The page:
Nepotism in Georgia?

While you’re running for governor, it seems to me it’s OK to have as many family members as you want working in your campaign to get you elected.  But after you’re elected, is it OK to have your daughter-in-law as a member of your transition team?  Webster defines “nepotism” as “favoritism extended toward relatives, esp. by appointing them to desirable positions.”  In my lifetime, one of the most memorable examples is President John F. Kennedy choosing his brother Bobby as Attorney General.  As far as I know, nepotism is not a crime, so Georgia Governor-elect Nathan Deal did not violate the law in choosing the person he thinks is best for the job.   He named his daughter-in-law to his transition team.  If JFK could pick his brother with impunity why not Deal his daughter-in-law. …especialy since the transition team has a sunset in less than two months.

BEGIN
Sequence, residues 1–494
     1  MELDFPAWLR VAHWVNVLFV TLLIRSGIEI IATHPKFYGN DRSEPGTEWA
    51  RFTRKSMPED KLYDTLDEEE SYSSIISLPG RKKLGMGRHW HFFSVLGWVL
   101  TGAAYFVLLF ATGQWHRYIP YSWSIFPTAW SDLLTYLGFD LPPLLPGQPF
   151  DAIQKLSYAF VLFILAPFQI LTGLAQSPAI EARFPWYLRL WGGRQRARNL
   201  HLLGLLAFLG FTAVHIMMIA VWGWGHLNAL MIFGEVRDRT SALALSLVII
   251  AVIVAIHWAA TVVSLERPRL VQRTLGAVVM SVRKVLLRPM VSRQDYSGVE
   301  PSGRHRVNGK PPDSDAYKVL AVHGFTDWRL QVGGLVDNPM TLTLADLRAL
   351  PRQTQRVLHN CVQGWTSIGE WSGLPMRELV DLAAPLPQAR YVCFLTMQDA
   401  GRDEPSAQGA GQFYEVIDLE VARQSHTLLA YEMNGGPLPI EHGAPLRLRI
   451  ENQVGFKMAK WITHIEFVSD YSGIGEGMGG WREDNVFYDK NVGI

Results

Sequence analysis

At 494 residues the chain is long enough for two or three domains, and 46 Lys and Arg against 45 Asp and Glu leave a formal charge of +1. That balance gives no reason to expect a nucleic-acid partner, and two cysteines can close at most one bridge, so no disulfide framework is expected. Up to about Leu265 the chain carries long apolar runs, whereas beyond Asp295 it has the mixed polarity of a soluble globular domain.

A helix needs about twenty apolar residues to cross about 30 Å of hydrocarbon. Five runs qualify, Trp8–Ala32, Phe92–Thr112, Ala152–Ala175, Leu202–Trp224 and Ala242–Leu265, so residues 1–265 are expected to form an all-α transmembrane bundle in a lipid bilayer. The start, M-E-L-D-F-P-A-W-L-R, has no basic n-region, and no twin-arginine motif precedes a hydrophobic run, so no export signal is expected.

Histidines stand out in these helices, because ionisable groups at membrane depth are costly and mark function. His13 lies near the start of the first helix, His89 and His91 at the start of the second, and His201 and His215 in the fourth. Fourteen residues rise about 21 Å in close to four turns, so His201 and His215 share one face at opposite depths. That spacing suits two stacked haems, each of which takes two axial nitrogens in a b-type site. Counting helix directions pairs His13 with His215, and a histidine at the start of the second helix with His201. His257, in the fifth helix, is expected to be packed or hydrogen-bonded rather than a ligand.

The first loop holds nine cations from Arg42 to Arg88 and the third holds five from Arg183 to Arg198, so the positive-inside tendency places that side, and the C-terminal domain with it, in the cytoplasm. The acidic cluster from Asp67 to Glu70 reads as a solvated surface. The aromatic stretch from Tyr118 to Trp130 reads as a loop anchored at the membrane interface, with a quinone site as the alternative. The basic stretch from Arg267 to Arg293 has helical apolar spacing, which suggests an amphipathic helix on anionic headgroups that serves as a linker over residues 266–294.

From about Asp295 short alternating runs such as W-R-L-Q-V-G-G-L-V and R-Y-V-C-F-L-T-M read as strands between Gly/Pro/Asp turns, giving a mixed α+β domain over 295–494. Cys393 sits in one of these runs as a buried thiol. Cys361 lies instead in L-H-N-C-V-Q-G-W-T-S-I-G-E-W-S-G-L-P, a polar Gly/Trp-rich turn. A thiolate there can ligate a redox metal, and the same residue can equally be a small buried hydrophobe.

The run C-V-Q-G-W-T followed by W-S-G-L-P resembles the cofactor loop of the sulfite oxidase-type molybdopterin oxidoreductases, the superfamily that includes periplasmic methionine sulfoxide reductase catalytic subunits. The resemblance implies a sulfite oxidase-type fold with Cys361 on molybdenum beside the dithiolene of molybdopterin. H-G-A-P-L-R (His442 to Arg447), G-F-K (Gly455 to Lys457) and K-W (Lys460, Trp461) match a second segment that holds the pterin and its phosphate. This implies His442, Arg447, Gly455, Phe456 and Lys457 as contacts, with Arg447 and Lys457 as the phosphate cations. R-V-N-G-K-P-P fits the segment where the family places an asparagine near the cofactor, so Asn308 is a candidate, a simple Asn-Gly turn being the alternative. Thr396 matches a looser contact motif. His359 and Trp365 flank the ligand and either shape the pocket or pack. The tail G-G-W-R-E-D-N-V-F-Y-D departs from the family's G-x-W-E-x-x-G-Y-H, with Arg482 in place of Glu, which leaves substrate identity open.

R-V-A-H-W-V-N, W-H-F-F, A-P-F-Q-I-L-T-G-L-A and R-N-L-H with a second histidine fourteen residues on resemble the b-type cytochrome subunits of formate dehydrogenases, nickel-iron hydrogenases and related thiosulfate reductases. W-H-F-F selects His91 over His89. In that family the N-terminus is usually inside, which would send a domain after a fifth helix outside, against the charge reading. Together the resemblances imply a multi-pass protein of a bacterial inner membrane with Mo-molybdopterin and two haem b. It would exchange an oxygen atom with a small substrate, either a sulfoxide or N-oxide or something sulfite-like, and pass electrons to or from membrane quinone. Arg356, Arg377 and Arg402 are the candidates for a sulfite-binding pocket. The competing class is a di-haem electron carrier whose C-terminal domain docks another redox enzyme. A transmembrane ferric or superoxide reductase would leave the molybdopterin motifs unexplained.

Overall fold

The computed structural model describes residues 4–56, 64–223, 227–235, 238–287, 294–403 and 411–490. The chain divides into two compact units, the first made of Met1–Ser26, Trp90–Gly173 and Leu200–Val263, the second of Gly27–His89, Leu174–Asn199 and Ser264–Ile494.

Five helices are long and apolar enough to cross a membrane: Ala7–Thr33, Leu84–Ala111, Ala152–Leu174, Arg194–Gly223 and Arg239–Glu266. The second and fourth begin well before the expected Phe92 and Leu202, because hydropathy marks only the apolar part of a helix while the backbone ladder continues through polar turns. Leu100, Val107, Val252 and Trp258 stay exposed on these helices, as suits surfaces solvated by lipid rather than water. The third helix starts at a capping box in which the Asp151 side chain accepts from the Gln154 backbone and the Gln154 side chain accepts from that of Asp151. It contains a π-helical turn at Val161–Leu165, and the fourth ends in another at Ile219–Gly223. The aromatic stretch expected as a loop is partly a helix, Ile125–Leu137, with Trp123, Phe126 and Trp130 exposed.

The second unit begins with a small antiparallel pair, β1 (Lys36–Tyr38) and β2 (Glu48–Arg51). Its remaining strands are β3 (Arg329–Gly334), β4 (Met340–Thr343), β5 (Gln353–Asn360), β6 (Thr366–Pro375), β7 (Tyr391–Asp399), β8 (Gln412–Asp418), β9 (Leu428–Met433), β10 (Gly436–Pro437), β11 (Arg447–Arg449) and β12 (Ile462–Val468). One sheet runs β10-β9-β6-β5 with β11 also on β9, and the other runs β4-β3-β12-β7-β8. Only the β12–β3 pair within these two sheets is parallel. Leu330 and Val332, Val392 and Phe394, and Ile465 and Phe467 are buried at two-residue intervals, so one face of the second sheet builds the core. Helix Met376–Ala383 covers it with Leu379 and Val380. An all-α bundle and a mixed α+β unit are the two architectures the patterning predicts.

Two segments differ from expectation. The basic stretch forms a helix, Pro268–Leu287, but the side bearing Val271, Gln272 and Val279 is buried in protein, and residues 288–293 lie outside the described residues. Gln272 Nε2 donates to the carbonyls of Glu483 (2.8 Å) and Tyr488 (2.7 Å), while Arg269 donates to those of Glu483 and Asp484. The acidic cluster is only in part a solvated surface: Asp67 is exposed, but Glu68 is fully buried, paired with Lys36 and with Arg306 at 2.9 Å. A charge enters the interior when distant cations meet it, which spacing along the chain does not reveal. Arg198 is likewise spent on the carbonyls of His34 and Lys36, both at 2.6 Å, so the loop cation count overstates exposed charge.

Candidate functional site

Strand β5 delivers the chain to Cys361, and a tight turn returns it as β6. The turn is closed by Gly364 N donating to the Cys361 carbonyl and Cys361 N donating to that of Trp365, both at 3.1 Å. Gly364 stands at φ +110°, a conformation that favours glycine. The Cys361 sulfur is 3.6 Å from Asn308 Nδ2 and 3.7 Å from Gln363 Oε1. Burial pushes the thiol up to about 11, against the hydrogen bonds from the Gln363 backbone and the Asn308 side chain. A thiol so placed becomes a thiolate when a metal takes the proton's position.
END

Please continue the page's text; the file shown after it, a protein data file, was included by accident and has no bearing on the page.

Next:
One Response to “Nepotism in Georgia?”

  1. Walter LIttle, Jr. Says:

    Don, unfortunately, Nepotism is alive and well in Georgia and no one seems to have any problem with it. I worked in municipal government for 14+ years (I volunteer with the Red Cross now) and saw repeated incidences of nepotism yet nothing was done about it.


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